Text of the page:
About 30 of us were led by Ellen Hamingson, Restoration Biologist for the Point Reyes National Seashore, and Carolyn Longstreth, up a private road and through several locked gates to see the diverse plant community on this serpentine ridge.

Many of these plants are in peak flower earlier in the year. The endemic Nicasio Ceanothus (Ceanothus decornutus) which is being considered by CNPS for listing as 1B.2, and the woolly blue-headed gilia (Gilia capitata ssp. tomentosa List 1B.1) were not in flower. We found a few plants in flower for others such as the Nicasio jewelflower (Streptanthus glandulosus), the Marin dwarf flax (Hesperolinon congestum List 1B.1), and the Tiburon paintbrush (Castilleja affinis ssp. neglecta List 1B.2). Other species seen were shortstem morning glory (Calystegia subacaulis ssp. subacaulis), woolly marbles (Psilocarphus tenellus), serpentine coyote-mint (Monardella purpurea), yellow mariposa lily (Calochortus luteus), white rosinweed (Calycadenia multiglandulosa), cream-sacs (Castilleja rubicundula ssp. lithospermoides), woolly sunflower (Eriophyllum lanatum var. arachnoideum), and Monterey centaury (Zeltnera muehlenbergii).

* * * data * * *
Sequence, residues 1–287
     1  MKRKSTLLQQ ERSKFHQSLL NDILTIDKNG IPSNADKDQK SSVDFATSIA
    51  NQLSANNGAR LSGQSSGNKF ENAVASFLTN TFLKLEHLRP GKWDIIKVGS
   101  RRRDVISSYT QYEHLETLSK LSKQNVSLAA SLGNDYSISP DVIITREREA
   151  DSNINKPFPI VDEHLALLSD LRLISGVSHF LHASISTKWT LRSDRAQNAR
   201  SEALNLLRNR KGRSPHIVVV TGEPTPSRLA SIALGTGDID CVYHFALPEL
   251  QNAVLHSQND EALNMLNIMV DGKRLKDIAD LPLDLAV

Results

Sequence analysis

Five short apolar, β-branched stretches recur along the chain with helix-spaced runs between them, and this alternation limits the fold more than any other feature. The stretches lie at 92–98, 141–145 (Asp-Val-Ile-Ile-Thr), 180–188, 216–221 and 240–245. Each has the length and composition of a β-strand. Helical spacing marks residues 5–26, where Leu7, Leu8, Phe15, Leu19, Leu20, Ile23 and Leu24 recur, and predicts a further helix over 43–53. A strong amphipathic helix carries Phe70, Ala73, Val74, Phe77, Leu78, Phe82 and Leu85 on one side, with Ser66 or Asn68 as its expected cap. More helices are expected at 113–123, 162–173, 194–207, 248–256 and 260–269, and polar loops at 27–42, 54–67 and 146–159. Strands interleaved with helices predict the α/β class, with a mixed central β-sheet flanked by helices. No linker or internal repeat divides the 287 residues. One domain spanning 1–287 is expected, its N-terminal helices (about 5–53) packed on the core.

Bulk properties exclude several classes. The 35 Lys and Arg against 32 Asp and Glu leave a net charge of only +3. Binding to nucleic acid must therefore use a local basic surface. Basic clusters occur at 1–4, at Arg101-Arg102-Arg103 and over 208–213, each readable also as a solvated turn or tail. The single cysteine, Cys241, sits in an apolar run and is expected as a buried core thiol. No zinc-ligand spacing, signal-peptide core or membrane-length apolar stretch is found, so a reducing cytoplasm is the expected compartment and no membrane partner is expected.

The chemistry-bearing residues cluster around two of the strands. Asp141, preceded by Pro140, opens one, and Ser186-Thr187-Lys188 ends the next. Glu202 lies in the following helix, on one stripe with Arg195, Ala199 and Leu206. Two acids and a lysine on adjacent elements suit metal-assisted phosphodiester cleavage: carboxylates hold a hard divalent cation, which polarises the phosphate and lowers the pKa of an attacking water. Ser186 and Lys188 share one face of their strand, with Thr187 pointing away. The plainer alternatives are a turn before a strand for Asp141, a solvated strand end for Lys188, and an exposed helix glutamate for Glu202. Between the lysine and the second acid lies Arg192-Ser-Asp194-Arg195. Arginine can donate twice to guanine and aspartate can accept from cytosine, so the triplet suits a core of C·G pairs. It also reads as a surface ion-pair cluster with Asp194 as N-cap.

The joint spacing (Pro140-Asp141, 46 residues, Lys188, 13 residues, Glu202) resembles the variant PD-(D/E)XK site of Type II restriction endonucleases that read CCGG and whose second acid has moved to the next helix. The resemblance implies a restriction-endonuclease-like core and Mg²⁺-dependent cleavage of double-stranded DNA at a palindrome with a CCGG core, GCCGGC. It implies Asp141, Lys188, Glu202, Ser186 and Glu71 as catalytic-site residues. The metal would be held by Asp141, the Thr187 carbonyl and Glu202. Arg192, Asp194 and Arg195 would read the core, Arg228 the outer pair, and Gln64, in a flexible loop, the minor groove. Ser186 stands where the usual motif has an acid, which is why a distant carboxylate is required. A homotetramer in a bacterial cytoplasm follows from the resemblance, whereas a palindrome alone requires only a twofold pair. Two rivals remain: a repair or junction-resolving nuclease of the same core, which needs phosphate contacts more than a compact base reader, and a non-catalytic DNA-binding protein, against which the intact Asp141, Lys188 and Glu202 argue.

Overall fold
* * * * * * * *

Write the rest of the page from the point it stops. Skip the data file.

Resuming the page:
Thanks to Carolyn Longstreth for organizing this fine hike.

Text and photos by Vernon Smith.

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